The NHS will never have enough cash: the English religion needs reformation
We British like traditions. A well-established one which comes round every year is the “winter crisis” in the NHS. Health provision is a political hot potato not just for this government, or indeed for any particular UK government, but for governments across the developed world.
One of the key assumptions made by economists about human behaviour is that there is no limit to the amount of things that people want. In the splendid jargon of economic theory, this is referred to as “non-satiation”.
But regardless of what name we give to the concept, health is an excellent practical example of it. When the NHS was founded in the late 1940s, many thought that the demands on its services would dwindle over time. As the new system gradually improved the health of the population, fewer would require the NHS.
Nigel – now Lord – Lawson once pronounced that “the NHS is the closest thing the English people have now to a religion”. Certainly, any politician tampering with it too much risks his or her career. A striking illustration was provided in the General Election of 2001. The Labour government proposed closing the hospital in Kidderminster on the grounds that it was just very bad. This provoked fury, and a local doctor stood and won as an Independent, destroying the incumbent Labour rising star and holding on until 2010. A subsequent independent inquiry carried out for the NHS showed unequivocally that the hospital was even worse than had been initially thought.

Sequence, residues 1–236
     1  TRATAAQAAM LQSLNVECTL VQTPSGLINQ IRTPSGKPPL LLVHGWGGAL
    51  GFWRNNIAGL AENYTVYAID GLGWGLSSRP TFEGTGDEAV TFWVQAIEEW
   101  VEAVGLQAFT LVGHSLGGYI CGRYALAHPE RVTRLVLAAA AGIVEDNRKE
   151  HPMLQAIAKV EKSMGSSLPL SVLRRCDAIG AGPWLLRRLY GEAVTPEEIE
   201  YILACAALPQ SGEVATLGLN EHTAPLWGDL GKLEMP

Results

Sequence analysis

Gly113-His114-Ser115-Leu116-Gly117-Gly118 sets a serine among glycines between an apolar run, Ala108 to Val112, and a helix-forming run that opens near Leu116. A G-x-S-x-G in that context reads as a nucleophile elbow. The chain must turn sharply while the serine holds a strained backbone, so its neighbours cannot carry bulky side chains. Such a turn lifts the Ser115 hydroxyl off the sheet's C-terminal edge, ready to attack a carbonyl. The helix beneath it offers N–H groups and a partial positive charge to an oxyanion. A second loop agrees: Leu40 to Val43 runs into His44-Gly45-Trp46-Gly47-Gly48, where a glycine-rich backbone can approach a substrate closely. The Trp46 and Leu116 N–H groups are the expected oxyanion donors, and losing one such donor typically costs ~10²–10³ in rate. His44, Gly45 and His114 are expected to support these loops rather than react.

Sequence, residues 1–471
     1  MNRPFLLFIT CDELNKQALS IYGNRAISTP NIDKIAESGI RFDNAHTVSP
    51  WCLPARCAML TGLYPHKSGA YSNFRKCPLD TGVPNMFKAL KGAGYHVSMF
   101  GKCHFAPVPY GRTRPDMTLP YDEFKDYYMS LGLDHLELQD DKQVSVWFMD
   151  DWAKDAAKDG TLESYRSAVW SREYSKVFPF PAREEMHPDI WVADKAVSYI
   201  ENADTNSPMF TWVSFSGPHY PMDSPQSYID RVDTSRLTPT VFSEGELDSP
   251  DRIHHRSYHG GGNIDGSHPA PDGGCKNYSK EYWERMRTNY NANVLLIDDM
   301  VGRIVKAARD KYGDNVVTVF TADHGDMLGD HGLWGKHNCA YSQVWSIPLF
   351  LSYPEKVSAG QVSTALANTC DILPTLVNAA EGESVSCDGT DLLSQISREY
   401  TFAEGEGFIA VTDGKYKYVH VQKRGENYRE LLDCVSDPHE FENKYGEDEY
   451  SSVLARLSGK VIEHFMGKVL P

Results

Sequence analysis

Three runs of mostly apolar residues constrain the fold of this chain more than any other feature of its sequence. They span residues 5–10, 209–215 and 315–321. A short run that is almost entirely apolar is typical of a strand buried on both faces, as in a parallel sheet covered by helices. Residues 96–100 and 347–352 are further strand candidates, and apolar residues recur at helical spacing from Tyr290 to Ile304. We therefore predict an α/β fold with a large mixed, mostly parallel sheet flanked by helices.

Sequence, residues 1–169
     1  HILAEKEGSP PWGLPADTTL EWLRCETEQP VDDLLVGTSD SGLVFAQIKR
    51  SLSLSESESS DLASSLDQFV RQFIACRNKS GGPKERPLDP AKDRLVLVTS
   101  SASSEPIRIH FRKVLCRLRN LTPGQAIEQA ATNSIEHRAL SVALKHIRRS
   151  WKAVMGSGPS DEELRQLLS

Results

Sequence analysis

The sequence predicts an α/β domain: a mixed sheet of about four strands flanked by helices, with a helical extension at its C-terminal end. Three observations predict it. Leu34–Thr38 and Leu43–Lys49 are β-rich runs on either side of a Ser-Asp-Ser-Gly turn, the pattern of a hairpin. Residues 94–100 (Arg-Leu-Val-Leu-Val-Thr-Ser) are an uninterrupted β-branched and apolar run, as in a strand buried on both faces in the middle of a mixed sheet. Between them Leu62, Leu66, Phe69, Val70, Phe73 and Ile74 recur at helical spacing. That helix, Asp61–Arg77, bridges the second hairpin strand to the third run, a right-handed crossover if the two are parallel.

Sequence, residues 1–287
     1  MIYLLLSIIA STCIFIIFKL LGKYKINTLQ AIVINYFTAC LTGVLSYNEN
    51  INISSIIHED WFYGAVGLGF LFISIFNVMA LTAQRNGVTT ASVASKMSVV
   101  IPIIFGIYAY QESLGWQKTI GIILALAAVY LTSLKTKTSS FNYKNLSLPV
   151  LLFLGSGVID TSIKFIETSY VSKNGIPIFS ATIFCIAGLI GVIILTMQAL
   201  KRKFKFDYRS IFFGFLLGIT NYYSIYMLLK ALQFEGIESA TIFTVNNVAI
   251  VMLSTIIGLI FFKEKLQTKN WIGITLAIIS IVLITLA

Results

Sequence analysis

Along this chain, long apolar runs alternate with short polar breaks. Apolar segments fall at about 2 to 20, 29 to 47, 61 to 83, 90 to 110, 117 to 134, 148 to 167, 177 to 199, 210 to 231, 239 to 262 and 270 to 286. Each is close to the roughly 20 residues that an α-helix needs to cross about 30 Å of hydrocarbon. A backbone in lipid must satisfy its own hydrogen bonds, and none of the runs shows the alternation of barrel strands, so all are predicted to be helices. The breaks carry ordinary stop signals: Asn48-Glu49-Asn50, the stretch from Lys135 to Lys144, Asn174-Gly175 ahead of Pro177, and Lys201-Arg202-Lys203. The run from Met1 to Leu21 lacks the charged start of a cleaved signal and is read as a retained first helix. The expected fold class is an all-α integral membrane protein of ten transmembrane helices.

An Institute of Economic Affairs monograph by Dr Kristian Niemietz shows how things could be run much better. The intriguing title summarises the contents: “Universal Healthcare without the NHS”. Niemietz begins with a simple point to debunk the popular view that the NHS is the envy of the world: its structure has never been copied anywhere outside the UK.
In fact, in international comparisons of health system outcomes, the NHS almost always ranks in the bottom third of developed world countries, sitting with places such as the Czech Republic and Slovenia. If the UK’s breast, prostate, lung and bowel cancer patients were treated as in Germany, 12,000 lives a year would be saved.
Most European countries use a social health insurance (SHI) system, in which even homeless people have health coverage. Essentially, these systems are based upon means-tested insurance. Niemietz regards each individual one as having its own particular flaws and irritations, but they routinely achieve much better outcomes for patients, while preserving the concept of universal access.
Their experience shows that, for example, charging for GP appointments does not damage health, and that ordinary people can be trusted to make sensible choices from a range of health insurance plans. The alternative to the NHS is not American, but European health care.
We are, quite rightly, steaming ahead with Brexit, but Europe still has valuable things to teach us in the case of health provision.